ESSENTIALS OF DIAGNOSIS
Clinicians in any setting may encounter patients who are or have been subject to human trafficking.
Several signs, symptoms, and behaviors may serve as "red flags" for trafficking.
Standard practices, such as interviewing all patients alone for a portion of the visit and the consistent use of trained interpreters, can help facilitate patient disclosure.
While specific questions may elicit current or past trafficking, clinicians should also use communication skills that support patient trust such as empathic listening techniques, eye contact, and engaged listening.
Within the United States, the National Human Trafficking Resource Center, 1-888-373-7888, provides real-time assistance regarding patient safety evaluation and resources to assist clinicians and patients.
Human trafficking is a criminal human rights violation that occurs in nearly all nations and impacts persons in both rural and urban centers. The United Nations defines trafficking as "the recruitment, transportation, transfer, harboring, or receipt of persons, by means of the threat or use of force or other forms of coercion of abduction, of fraud, of deception, of the abuse of power or of a position of vulnerability or of the giving or receiving of payments or benefits to achieve the consent of a person having control over another person, for the purpose of exploitation." While exact numbers are difficult to obtain due to the illegal nature of trafficking, the International Labour Organization estimates that 25 million people worldwide are actively engaged in forced labor, with women accounting for 71% of those impacted. Labor trafficking involves the illegal trade of persons for exploitation or commercial gain; labor trafficking practices occur in several industries, including agriculture, construction, elder care, janitorial work, beauty services, and domestic labor. The United Nations specifically defines sex trafficking as the recruitment, transportation, transfer, or harboring of an individual by means of threat, force, coercion, or deception for the purpose of sexual exploitation. In the United States, it is estimated that 400,000 persons experience trafficking at any given time point.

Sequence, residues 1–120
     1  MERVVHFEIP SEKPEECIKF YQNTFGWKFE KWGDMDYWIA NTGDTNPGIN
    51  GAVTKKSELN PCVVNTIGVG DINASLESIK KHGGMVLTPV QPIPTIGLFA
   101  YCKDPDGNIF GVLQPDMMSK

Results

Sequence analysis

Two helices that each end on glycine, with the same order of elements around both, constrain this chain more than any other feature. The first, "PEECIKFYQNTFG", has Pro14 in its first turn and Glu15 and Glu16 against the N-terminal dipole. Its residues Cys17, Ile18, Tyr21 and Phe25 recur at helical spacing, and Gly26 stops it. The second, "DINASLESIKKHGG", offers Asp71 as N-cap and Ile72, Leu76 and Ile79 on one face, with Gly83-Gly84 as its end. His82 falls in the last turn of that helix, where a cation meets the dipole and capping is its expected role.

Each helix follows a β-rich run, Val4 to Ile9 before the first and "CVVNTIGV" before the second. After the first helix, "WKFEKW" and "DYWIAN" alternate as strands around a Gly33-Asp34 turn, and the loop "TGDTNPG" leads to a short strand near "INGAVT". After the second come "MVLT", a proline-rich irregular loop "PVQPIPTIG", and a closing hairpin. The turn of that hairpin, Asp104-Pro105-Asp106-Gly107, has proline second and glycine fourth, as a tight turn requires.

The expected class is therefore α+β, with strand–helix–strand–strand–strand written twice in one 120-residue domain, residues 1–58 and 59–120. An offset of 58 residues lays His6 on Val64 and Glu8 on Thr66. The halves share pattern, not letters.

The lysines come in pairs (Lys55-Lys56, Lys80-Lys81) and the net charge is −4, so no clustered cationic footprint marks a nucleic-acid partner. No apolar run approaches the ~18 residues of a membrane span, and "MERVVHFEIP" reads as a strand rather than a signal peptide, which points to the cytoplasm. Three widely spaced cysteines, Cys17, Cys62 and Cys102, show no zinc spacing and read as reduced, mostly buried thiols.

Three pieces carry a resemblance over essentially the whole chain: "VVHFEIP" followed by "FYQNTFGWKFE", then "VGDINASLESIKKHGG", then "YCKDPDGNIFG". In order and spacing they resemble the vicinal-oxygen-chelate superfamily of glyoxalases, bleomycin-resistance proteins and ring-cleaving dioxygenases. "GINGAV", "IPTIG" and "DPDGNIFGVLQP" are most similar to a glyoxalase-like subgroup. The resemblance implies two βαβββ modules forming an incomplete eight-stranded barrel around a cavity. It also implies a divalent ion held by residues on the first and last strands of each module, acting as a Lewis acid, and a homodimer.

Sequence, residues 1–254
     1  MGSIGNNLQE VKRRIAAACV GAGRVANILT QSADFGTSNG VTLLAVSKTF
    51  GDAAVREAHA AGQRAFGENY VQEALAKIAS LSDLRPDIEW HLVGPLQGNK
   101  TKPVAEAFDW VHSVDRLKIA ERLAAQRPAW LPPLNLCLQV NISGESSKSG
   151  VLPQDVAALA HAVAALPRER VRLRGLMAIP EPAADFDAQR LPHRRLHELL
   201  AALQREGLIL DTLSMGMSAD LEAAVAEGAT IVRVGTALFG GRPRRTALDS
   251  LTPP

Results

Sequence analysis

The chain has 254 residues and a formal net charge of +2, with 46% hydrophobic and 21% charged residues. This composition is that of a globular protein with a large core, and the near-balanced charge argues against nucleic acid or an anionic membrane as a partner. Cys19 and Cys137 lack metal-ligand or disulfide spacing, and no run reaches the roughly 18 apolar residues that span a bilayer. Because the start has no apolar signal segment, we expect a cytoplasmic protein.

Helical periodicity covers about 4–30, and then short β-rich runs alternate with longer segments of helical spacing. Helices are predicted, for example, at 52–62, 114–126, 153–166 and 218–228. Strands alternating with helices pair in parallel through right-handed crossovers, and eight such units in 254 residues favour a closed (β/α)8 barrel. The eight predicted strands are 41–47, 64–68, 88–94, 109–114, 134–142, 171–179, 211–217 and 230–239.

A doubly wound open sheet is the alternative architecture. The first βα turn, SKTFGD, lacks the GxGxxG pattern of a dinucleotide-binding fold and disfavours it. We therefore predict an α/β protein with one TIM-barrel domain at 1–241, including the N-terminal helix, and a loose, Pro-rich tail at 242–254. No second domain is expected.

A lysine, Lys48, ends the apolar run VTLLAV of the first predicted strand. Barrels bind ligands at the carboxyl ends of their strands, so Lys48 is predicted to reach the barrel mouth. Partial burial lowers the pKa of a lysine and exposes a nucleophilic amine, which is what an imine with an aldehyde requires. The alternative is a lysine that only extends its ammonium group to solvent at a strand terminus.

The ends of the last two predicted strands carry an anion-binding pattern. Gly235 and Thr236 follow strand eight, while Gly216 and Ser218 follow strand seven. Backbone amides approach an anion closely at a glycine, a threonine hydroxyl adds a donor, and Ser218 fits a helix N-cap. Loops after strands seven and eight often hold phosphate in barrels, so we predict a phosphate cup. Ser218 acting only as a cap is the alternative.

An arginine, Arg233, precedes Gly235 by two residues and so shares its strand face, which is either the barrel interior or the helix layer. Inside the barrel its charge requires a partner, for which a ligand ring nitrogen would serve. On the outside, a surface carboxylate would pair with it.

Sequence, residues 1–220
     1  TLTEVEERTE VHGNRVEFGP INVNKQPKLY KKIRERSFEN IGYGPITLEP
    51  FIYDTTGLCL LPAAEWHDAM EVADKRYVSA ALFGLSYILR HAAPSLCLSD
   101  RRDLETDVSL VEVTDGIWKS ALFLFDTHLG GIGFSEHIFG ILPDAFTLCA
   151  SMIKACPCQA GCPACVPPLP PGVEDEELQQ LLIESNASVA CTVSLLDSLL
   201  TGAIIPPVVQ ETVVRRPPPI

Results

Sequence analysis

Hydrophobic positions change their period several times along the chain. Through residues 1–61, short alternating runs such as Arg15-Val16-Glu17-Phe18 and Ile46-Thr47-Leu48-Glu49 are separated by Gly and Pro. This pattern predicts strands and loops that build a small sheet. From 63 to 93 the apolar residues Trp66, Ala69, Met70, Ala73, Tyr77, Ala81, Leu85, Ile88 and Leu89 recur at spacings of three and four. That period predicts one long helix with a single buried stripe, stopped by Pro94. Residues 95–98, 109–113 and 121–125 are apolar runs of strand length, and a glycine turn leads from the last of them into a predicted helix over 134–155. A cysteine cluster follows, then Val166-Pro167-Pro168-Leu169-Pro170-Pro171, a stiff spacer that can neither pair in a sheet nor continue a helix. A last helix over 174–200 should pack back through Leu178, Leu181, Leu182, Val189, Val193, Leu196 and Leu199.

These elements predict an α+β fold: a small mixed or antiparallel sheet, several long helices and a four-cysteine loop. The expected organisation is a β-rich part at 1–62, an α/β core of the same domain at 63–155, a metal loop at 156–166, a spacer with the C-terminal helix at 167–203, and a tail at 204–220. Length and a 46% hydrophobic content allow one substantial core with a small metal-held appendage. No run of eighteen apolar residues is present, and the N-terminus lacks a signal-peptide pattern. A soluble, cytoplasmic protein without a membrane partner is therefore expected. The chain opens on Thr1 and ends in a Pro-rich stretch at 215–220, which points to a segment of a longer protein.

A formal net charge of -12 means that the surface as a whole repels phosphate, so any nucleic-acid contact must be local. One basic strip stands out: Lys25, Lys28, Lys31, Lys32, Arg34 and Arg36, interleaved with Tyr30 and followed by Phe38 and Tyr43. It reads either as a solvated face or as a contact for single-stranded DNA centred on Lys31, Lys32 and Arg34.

Trafficking may impact persons of any age or social group. However, poverty and young age (particularly girls) are particular risk factors. Additionally, migrant workers; persons experiencing homelessness; youth who have left their homes; lesbian, gay, bisexual, transgender, or questioning youth; and indigenous people (eg, American Indian or Alaska Native people); or those with a history childhood sexual abuse are at increased risk for exploitation.
Clinicians are likely to encounter patients who are actively experiencing forced labor or commercial sex work. Survivors of trafficking report being evaluated by health providers in a number of settings, including emergency departments, public health clinics, private practice clinics, and hospitals of all types. Several signs, symptoms, and red flags may help clinicians identify patients who are experiencing exploitation and provide resources to impact their health. Clinicians should use trauma-informed care principles with all patients to facilitate trust and increase the possibility of identifying ...